Alastair Borthwick’s Career

Alastair Borthwick was born on February 1913 in Rutherglen, Scotland but was brought up in Troon. He left high school when he was 16 to begin training as a journalist at Glasgow Evening Herald where he wrote telephone copies from correspondents. The early career that Alastair thought would be useful to him turned out to be a hectic one for him since there was less staff at Glasgow Evening Herald.

Alastair Borthwick got promoted, and he became the writer and editor of several sections. The sections at ‘Open Air Page’ made Borthwick get a glimpse of what happens outside, in and around Glasgow. From there, his life changed for the better.

James Fergusson, a BBC producer, was interviewing Alastair who was 21 for a job; Alastair talked about his rock-climbing activities which made Fergusson offer Alastair Borthwick a commission for him to create a short subject about rock climbing. Alastair Borthwick did a good job, and his fruitful career as a broadcaster began. Alastair Borthwick began with radio then later to Grampian television in Britain where he produced large volumes of work. Alastair Borthwick was a keen journalist and is well known and remembered for producing two classic original books.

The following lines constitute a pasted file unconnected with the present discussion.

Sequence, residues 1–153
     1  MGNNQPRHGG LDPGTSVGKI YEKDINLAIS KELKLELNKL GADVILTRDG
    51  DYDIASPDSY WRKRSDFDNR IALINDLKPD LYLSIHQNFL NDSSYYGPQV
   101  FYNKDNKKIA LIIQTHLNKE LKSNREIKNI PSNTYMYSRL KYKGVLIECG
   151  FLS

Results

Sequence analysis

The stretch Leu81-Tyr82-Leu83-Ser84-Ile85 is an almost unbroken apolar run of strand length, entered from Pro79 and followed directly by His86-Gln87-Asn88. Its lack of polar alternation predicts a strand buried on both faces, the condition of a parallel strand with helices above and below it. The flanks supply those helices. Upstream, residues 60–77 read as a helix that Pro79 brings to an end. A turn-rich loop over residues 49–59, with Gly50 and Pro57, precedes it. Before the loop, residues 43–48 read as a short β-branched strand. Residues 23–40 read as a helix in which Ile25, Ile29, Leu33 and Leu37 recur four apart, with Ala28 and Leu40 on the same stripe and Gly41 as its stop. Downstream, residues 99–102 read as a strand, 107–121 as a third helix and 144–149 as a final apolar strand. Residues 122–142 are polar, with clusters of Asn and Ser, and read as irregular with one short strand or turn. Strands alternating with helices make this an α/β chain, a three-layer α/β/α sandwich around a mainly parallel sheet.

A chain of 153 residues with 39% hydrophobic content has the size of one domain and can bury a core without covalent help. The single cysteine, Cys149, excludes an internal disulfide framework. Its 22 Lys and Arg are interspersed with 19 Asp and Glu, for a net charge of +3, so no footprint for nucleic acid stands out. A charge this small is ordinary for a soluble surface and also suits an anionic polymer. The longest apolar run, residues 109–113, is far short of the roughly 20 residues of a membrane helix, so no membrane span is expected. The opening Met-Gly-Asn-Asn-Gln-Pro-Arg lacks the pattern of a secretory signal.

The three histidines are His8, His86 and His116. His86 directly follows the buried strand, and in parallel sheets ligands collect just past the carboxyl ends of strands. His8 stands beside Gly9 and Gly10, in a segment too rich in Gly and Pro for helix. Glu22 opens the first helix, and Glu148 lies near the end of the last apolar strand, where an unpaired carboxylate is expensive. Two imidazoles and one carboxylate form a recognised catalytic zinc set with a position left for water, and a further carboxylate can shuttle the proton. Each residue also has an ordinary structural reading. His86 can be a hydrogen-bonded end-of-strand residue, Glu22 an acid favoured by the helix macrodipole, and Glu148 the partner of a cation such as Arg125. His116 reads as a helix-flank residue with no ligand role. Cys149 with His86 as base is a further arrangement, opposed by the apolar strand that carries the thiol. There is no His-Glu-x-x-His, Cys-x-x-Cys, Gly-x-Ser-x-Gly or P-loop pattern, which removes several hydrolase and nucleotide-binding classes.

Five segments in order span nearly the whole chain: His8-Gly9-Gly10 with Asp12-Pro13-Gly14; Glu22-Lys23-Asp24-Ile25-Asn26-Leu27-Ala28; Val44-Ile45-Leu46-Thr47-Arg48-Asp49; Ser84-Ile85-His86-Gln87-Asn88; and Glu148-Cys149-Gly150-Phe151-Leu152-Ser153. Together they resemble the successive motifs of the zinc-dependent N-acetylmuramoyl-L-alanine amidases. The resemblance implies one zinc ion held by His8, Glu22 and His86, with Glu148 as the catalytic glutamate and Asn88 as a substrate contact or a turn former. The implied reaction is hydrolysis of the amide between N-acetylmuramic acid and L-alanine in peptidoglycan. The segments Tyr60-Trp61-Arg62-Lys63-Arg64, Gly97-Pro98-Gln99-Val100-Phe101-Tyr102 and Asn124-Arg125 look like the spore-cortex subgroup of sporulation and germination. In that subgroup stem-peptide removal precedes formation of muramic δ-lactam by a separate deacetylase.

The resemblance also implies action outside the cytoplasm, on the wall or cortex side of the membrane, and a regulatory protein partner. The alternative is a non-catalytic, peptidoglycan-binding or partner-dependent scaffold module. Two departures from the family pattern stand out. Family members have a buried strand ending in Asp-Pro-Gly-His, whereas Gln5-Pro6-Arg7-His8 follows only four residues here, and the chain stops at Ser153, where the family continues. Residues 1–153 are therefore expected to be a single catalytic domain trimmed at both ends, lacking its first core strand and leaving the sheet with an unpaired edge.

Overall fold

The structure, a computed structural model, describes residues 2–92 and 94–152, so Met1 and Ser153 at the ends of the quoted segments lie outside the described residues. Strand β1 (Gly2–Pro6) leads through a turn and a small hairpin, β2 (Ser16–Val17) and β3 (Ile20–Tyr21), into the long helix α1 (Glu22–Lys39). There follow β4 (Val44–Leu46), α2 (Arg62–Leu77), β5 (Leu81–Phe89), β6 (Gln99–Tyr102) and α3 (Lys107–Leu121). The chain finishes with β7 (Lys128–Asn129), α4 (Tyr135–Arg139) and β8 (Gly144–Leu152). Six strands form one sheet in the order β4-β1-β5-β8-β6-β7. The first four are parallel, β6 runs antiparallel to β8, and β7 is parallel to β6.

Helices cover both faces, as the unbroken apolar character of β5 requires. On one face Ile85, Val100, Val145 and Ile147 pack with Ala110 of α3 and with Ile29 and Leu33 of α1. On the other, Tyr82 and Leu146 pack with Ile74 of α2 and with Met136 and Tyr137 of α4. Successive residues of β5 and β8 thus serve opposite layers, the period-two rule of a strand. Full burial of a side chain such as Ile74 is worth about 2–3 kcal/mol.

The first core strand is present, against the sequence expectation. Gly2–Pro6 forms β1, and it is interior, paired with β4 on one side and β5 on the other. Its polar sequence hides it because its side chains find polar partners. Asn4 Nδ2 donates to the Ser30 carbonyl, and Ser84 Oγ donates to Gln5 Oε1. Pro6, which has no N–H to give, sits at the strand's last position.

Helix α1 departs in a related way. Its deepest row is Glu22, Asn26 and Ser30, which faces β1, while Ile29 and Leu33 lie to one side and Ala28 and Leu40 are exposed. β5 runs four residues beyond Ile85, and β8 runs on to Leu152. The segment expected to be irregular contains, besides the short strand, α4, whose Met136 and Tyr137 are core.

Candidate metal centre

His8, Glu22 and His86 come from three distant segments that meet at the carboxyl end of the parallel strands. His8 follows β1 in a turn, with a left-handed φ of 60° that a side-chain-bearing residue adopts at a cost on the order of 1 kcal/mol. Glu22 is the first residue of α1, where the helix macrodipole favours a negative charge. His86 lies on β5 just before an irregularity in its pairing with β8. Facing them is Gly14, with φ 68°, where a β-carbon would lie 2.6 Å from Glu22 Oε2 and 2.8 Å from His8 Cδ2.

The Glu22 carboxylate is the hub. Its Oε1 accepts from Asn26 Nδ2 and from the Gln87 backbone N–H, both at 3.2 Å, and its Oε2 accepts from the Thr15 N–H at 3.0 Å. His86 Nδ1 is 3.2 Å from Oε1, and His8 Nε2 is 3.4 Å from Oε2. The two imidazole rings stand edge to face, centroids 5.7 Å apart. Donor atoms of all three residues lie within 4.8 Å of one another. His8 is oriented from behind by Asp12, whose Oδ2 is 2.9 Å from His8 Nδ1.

Alastair’s first book Always a Little Further was published in 1939. The book was about activities such as hitchhiking, rock climbing and sleeping in caves.

In the Second World War Alastair Borthwick worked with many units of the British Army in the Northern part of Africa, Sicily, and Western Europe. When the war was almost coming to an end, Alastair Borthwick was the leader of a troop of 600 men which he led into war at night since he had a good sense about directions.

When the war was over, Alastair Borthwick wrote the second book Sans Peur which later got published as Battalion in 1994. The book talked about what his role was during the second half of the war. The book was written from a junior officer and one who was on the frontline during the fight. The two books recorded the popularization of climbing as a sport for people working in Scotland and the second war from a junior officer point of view. Go To This Page for additional information.


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